In the primates' hierarchy, dominant individuals get the most grooming.


This little one seemed to be playing peek-a-boo with me.




Eventually he got brave enough to show himself completely.


It almost seems as if this monkey has its paw over its mouth....I'd love to know what it was thinking.


These two enjoyed climbing the wash lines and then surveying the park and its people.




Females do not leave their natal group, but males emigrate from the troop at puberty which means that most troops are predominantly female. I didn't see any babies attached to mothers, so all these monkeys, even the little ones are teenagers and older. That meant, lots of sexual and dominance displays of the vervet monkeys could be heard while they ran the gamut from shaking branches and jumping around to making a hard 'kek-kek-kek' sound to mark their territories. I heard and saw quite a bit of the tree shaking stuff but the pictures I got of the monkeys in the trees are dark or blurred.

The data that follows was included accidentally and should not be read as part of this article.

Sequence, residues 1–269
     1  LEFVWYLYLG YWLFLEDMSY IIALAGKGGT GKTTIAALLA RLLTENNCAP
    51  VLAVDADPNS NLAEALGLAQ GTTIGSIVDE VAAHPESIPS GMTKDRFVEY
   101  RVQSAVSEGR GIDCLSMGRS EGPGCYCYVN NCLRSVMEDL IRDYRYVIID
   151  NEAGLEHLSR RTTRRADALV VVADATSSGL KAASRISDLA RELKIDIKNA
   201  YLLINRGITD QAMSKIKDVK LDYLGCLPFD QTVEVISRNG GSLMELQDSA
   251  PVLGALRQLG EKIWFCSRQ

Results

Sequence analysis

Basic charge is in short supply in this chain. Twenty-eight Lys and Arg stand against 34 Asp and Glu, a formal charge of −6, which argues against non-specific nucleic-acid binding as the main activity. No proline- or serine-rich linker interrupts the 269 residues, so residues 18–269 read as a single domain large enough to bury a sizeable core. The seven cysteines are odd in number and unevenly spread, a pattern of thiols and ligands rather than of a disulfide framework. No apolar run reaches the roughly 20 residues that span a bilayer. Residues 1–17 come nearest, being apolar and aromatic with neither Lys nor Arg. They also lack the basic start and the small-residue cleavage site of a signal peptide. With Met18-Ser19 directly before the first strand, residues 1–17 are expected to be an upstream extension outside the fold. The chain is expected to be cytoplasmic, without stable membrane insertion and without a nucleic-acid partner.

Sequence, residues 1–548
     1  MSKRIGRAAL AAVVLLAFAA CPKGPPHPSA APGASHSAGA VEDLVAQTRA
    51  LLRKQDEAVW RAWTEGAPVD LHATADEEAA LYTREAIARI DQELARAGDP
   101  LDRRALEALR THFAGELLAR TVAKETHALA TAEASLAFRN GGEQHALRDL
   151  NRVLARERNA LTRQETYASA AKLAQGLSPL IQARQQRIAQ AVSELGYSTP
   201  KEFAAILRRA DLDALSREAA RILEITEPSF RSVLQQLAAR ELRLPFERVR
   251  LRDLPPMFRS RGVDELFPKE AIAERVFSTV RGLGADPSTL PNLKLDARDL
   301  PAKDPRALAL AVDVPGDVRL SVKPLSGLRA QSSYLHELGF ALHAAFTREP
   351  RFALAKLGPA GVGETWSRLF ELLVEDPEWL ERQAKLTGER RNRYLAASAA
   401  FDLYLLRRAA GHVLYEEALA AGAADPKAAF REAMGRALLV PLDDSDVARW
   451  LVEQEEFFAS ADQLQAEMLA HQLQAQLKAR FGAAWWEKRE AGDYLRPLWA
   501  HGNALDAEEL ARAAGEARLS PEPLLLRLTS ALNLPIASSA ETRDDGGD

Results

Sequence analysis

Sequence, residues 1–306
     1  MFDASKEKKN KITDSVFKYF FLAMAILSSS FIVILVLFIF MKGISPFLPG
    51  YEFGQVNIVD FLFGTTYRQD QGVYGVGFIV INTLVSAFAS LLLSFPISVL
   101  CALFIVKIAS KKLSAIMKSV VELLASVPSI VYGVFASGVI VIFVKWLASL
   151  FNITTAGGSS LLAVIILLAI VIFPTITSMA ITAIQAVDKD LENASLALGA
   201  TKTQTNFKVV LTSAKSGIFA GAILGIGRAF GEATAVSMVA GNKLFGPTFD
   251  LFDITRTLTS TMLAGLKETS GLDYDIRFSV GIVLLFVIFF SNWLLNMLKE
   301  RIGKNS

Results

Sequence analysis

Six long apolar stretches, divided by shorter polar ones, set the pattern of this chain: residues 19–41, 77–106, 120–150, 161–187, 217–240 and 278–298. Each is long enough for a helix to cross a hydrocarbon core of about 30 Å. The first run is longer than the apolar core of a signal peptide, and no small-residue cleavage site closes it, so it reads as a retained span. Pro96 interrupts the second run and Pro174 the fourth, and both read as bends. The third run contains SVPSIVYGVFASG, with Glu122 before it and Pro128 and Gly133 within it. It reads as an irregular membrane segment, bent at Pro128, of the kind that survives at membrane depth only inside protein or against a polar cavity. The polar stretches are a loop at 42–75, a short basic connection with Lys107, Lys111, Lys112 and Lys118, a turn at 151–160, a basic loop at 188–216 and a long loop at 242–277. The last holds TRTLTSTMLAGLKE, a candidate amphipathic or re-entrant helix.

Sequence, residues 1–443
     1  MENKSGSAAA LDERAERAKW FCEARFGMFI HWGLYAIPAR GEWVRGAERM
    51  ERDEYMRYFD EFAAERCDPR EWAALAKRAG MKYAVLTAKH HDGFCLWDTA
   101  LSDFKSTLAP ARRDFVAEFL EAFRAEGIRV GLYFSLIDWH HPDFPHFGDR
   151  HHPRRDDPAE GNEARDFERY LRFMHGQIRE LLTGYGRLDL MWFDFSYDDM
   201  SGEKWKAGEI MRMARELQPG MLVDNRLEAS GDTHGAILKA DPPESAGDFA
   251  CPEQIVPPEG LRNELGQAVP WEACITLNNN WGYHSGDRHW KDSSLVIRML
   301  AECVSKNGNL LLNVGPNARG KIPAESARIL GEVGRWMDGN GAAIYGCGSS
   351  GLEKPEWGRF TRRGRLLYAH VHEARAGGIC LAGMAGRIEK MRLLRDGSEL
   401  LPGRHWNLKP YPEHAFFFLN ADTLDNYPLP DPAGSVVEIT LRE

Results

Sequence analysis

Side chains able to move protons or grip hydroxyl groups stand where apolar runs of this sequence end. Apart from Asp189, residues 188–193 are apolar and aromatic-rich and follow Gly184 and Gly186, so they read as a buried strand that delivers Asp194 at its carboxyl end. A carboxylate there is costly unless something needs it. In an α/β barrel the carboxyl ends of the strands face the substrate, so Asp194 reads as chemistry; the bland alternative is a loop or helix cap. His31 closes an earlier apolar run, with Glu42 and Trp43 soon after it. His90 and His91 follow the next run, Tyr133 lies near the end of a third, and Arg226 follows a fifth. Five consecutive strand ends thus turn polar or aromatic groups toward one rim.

No need to worry about that, they help themselves.


Did You Know Question?
Vervet monkeys living near areas inhabited by people can become pests, stealing food and other items and raiding crops. Good climbers, jumpers and swimmers, they often elude capture. HA HA HA we do NOW!


Other interesting facts :
Vervet monkeys mate during a specific time period of the year. The mating season varies somewhat with geographic location but is roughly April – June in wild African vervets. This allows for infants to be born after the rainy season when more food is typically available.

Both older brothers and older sisters defend their younger siblings. Like other primates, Vervet monkeys sleep in trees at night. They prefer trees in wooded areas that are around 7-8 m in height.

Females give birth every 1 to 2 years. They cycle every 32.5 days and menstruate like women. Cycles are regular during the breeding season and usually irregular the rest of the year. Males are sexually mature at the age of 5 but are more likely to mate when they are a bit older and fully-grown.

There was a lot more to the Swarvlei outing, but I'll have to do it in stages because my week is jam packed with stuff and if I sit behind the pc all the time, I will get nothing else done.
But good enough to say that I thoroughly enjoyed my solitary hours I spent there communing with nature. I also must say I ended up walking 7.2kms (4.47miles) all in all.